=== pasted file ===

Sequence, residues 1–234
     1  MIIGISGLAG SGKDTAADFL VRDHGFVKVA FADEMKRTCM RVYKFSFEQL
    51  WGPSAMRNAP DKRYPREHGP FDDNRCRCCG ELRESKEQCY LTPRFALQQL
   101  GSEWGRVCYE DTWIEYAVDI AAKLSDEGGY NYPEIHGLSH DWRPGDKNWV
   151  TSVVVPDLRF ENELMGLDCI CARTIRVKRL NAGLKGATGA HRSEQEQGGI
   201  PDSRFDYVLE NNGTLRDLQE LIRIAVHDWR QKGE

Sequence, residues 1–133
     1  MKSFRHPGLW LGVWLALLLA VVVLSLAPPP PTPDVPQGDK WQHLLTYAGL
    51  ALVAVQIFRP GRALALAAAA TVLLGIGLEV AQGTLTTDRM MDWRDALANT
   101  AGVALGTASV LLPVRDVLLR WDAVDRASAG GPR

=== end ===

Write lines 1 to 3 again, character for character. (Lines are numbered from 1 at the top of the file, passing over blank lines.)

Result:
Sequence, residues 1–234
     1  MIIGISGLAG SGKDTAADFL VRDHGFVKVA FADEMKRTCM RVYKFSFEQL
    51  WGPSAMRNAP DKRYPREHGP FDDNRCRCCG ELRESKEQCY LTPRFALQQL